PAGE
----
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Understanding Dividend Payout Ratio

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Mature man sitting at desk checking receipts
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There are some metrics used in fundamental analysis that fall into what I call the “ho-hum” category.

The Dividend Payout Ratio (DPR) is one of those numbers. It almost seems like a measurement invented because it looked like it was important, but nobody can really agree on why.

The DPR (it usually doesn’t even warrant a capitalized abbreviation) measures what a company’s pays out to investors in the form of dividends.

You calculate the DPR by dividing the annual dividends per share by the Earnings Per Share.

DPR = Dividends Per Share / EPS

For example, if a company paid out $1 per share in annual dividends and had $3 in EPS, the DPR would be 33%. ($1 / $3 = 33%)

The real question is whether 33% is good or bad and that is subject to interpretation. Growing companies will typically retain more profits to fund growth and pay lower or no dividends.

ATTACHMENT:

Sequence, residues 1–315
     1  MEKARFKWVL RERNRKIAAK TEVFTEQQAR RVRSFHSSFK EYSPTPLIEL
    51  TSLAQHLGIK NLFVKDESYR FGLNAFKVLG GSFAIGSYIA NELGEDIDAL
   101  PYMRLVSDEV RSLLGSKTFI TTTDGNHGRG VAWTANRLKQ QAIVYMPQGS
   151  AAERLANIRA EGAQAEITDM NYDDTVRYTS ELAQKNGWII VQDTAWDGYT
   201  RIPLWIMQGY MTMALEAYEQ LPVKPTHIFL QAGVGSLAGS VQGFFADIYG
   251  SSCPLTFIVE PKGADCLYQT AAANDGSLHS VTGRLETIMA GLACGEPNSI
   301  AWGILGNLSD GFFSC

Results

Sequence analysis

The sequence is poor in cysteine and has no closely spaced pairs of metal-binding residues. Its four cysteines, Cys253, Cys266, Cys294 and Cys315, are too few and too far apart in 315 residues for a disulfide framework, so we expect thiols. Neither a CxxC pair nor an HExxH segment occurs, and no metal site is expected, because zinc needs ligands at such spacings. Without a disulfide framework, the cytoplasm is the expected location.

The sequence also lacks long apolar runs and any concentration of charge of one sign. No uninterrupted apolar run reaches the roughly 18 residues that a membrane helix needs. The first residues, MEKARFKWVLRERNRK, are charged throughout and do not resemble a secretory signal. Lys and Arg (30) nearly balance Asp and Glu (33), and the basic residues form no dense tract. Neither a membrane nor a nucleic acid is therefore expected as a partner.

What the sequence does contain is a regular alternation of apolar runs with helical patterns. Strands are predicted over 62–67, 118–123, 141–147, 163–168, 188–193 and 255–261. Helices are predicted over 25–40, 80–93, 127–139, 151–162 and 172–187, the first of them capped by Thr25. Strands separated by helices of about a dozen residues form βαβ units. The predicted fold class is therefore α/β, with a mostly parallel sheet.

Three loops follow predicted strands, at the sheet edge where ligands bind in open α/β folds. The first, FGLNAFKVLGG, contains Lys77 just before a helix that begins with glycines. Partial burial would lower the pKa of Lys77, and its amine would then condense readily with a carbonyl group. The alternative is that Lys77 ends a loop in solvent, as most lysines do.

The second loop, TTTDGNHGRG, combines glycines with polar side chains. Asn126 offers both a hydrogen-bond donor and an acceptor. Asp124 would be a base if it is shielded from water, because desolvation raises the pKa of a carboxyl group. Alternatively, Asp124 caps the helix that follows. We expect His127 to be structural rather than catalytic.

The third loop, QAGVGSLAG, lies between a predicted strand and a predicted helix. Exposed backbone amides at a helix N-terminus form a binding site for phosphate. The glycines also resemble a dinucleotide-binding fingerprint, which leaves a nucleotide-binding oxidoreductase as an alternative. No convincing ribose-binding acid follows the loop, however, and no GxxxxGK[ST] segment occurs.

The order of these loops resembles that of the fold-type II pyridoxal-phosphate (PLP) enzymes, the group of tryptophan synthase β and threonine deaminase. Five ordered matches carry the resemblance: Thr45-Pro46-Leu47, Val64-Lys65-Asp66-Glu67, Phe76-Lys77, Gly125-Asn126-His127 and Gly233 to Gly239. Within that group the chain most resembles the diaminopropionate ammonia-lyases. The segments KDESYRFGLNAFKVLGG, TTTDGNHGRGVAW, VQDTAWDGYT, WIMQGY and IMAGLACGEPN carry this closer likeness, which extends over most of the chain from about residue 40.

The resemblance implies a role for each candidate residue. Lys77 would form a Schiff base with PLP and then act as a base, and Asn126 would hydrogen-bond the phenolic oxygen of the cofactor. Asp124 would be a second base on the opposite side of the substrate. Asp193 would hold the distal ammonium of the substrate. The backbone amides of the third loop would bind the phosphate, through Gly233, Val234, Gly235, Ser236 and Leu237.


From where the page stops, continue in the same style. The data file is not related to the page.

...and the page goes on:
Companies that pay higher dividends may be in mature industries where there is little room for growth and paying higher dividends is the best use of profits (utilities used to fall into this group, although in recent years many of them have been diversifying).

Either way, you must view the whole DPR issue in the context of the company and its industry. By itself, it tells you very little.

The articles in this series:

  1. Earnings per Share – EPS
  2. Price to Earnings Ratio – P/E
  3. Projected Earning Growth – PEG
  4. Price to Sales – P/S
  5. Price to Book – P/B
  6. Dividend Payout Ratio
  7. Dividend Yield
  8. Book Value
  9. Return on Equity

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